Hawk is a First Nations teen track star hoping to win an upcoming meet in his town in Canada. Recently, Hawk has been running out of energy while training with his best friend and when he finally gets to the doctor to figure out what's happening, he learns that he has leukemia and is facing several years of hard treatment to save his life. He has never felt close to his parents who gave him over to his grandfather when he was young because they didn't feel prepared to raise a baby. So Hawk is happy when his grandfather comes to stay with them during some of his treatment. Soon after he arrives the family goes out to an event where his father works with a logging company. Hawk and his grandfather see an osprey get stuck in an oily pond, the result of the toxic runoff from the logging. The two rescue the osprey and Hawk begins to have dreams about it that seem to mirror his own path with leukemia.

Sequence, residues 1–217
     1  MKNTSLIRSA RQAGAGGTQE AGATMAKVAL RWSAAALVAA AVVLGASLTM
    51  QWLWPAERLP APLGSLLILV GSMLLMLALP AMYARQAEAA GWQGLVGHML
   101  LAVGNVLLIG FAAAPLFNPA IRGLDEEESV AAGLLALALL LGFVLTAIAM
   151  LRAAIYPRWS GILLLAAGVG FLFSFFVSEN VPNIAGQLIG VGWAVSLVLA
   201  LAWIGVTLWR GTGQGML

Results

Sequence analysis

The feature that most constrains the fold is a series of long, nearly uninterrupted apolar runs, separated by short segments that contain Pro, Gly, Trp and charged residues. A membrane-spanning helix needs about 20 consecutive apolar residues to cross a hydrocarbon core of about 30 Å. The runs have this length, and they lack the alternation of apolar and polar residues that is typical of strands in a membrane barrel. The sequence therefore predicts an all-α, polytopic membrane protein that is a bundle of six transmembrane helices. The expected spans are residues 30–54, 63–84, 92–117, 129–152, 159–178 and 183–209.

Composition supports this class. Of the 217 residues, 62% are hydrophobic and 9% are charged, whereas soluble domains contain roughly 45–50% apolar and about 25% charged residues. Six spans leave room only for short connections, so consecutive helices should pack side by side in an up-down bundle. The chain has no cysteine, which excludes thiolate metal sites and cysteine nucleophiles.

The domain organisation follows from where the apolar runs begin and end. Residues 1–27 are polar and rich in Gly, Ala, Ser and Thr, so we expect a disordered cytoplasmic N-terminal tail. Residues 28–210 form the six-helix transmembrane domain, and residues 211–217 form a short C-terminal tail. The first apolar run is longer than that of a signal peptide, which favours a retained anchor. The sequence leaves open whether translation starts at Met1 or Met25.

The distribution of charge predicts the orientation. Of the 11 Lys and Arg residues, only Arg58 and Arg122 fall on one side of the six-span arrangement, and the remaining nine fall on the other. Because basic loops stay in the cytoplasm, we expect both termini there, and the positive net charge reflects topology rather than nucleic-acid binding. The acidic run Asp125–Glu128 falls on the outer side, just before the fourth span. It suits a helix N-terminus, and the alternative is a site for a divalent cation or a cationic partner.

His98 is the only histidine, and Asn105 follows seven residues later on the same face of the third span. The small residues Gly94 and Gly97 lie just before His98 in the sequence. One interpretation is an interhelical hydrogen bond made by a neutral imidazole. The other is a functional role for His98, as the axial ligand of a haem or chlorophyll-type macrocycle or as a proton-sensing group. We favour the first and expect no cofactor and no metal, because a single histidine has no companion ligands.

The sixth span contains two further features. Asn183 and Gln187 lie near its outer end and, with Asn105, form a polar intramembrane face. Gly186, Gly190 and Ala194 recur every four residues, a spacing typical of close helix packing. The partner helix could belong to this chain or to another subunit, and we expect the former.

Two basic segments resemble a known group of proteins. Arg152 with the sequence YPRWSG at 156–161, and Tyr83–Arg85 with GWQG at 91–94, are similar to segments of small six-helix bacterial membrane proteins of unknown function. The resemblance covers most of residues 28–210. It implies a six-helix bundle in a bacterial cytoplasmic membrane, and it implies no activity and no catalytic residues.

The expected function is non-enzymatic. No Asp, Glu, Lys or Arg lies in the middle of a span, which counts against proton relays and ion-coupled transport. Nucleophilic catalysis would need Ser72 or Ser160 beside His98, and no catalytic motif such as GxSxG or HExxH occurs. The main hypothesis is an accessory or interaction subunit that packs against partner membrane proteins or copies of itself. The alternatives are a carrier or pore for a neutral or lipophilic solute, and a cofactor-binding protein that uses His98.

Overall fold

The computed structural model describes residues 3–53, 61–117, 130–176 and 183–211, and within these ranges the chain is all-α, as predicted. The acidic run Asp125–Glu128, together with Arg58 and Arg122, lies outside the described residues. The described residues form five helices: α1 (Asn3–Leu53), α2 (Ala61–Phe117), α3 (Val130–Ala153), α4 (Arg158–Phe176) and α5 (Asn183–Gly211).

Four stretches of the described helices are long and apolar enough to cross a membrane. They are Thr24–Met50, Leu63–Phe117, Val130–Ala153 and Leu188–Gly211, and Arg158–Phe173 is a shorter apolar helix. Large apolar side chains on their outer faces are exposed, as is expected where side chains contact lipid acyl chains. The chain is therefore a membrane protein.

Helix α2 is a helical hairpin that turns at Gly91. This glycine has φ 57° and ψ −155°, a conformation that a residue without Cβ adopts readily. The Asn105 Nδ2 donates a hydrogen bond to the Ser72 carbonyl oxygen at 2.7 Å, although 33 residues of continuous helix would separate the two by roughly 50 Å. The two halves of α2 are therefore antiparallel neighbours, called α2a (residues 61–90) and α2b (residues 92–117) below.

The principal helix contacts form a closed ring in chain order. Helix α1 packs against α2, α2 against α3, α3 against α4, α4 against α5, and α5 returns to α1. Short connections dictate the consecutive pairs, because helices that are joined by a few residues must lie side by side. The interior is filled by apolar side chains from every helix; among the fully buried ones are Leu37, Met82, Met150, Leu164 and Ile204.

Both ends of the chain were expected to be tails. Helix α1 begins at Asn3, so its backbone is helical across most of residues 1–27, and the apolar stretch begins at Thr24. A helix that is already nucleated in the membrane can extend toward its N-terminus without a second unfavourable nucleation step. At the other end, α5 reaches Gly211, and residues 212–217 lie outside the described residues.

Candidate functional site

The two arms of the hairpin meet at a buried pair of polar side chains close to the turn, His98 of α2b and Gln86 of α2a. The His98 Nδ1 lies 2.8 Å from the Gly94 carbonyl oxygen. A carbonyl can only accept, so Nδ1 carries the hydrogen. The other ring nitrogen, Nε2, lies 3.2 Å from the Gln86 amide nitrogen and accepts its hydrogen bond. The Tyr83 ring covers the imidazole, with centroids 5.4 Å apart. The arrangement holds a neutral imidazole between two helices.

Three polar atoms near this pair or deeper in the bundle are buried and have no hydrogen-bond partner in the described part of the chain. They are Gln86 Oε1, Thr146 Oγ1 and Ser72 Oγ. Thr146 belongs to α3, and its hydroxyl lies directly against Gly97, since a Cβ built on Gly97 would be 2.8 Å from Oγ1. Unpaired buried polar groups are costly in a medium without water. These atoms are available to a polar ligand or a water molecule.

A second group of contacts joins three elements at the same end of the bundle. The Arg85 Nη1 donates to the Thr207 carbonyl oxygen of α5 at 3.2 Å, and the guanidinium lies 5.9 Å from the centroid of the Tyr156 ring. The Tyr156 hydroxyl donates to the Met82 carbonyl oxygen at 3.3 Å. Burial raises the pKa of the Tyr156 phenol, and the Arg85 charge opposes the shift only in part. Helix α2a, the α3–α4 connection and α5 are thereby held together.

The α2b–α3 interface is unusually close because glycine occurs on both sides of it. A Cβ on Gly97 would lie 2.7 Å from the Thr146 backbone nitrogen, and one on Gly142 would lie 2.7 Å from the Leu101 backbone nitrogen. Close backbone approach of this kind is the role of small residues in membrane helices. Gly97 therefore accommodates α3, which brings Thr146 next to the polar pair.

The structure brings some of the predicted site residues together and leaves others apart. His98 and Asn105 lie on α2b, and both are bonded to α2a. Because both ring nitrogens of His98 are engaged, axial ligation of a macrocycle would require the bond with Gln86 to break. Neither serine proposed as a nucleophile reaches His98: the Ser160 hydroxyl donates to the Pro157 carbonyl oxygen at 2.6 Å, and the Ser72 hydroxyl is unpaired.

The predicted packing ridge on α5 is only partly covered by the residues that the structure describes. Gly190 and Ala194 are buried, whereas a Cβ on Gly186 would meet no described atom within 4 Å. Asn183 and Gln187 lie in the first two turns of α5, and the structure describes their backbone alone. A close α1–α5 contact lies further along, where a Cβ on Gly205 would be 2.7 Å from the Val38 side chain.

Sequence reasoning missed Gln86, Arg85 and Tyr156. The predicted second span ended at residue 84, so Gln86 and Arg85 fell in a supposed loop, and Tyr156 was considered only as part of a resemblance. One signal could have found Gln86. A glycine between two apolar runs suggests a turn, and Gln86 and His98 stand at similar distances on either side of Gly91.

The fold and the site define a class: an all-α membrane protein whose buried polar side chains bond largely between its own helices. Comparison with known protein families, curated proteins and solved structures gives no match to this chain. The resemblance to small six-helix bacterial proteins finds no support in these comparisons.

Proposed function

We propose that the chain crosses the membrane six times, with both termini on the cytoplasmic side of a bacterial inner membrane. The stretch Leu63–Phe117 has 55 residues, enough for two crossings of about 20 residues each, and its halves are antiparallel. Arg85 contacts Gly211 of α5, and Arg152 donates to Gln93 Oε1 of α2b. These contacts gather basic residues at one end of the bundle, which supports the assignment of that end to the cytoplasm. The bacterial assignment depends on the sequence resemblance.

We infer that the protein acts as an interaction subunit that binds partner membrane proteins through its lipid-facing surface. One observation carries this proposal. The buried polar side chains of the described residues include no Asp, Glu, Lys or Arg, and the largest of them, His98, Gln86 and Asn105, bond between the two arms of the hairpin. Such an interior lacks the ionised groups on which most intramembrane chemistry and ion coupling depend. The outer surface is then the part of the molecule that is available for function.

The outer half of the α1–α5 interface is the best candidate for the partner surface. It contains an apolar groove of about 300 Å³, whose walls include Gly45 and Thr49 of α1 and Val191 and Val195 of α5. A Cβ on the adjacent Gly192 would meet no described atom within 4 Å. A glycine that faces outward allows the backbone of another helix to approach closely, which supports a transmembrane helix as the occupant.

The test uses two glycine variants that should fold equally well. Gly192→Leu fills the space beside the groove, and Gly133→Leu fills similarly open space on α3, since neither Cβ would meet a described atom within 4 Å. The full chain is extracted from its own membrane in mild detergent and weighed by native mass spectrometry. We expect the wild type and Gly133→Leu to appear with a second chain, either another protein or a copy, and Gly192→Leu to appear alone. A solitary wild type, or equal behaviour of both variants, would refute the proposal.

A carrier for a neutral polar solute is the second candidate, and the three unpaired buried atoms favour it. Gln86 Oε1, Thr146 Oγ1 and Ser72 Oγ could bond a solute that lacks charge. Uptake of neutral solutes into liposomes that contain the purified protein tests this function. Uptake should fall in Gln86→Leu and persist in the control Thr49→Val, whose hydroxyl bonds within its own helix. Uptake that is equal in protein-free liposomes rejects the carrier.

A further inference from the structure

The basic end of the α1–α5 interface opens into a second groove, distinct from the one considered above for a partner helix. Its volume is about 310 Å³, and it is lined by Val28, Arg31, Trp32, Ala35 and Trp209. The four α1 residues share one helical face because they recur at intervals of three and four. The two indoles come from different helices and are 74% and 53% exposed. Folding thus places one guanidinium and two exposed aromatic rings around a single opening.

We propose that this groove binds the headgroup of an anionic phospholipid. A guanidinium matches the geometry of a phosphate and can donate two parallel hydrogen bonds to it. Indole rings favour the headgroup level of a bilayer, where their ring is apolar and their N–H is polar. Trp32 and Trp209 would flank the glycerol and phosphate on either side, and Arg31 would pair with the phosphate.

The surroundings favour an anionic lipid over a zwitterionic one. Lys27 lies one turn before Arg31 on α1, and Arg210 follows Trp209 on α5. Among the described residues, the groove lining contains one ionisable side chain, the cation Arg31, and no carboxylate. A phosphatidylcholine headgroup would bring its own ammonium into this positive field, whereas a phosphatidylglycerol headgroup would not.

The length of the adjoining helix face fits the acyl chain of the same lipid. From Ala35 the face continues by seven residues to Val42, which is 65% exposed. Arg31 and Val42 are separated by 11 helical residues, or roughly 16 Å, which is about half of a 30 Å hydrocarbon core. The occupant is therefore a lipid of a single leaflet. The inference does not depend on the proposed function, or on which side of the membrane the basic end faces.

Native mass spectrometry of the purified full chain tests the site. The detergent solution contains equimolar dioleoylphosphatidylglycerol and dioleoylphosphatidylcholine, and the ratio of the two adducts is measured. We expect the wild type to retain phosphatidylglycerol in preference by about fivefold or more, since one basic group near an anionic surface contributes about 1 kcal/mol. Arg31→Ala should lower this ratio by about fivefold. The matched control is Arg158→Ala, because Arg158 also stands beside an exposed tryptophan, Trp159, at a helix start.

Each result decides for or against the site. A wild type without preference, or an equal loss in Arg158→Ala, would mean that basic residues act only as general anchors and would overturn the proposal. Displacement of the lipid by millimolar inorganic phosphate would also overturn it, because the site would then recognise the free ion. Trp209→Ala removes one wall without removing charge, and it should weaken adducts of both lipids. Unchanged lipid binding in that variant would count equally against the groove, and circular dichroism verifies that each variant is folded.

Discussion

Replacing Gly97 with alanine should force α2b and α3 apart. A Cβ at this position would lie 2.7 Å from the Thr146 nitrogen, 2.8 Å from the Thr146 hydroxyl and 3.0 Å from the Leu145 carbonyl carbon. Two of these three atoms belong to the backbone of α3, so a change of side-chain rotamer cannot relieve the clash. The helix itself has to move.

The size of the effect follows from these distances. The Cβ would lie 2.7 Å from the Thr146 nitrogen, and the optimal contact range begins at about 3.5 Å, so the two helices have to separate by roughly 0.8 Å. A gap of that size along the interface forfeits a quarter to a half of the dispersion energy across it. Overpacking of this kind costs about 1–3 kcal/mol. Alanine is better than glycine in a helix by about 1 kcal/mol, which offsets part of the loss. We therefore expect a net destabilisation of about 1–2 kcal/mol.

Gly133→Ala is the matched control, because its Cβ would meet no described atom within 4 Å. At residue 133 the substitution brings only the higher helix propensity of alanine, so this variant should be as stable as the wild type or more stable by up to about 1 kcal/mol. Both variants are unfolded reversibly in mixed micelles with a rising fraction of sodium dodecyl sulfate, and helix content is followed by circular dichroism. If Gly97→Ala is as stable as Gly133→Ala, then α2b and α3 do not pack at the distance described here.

I was all in on this book for about the first third even as the story of the osprey broke my heart a couple of times. I love the juxtaposition of the fish hawk's story with Hawk's own journey and I was moved by the rape of the land where Hawk's dad worked. I could even see how the explanation of what the company was doing to counteract the mess they were making made sense to those who worked there. Hawk's grandfather felt a little heavy-handed at times, especially as the story went on. The environmental themes were so nicely interwoven at the beginning of the book without coming across as "here is a lesson you must learn". I was thinking particularly about how moved my students would be by the ospreys' losses without realizing they were reading a story about the environment. But later the book became more didactic and less fun. Still, Hawk's growing relationship with his parents and his friendship in the hospital ward felt realistic and not forced. I just wish the overall book had been shorter and more focused like the initial chapters.